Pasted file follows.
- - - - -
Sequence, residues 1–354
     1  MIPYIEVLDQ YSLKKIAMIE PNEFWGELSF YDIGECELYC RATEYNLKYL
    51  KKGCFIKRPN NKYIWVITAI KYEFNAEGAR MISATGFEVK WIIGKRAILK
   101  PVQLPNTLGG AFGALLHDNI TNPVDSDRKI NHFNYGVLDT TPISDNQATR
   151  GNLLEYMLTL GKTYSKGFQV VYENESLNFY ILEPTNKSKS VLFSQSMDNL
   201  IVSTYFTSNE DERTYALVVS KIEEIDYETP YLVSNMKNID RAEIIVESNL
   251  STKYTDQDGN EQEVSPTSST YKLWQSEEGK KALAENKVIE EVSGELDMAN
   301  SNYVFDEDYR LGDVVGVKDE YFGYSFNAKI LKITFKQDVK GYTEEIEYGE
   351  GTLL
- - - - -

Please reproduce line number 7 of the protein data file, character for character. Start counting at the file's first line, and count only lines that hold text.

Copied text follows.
   251  STKYTDQDGN EQEVSPTSST YKLWQSEEGK KALAENKVIE EVSGELDMAN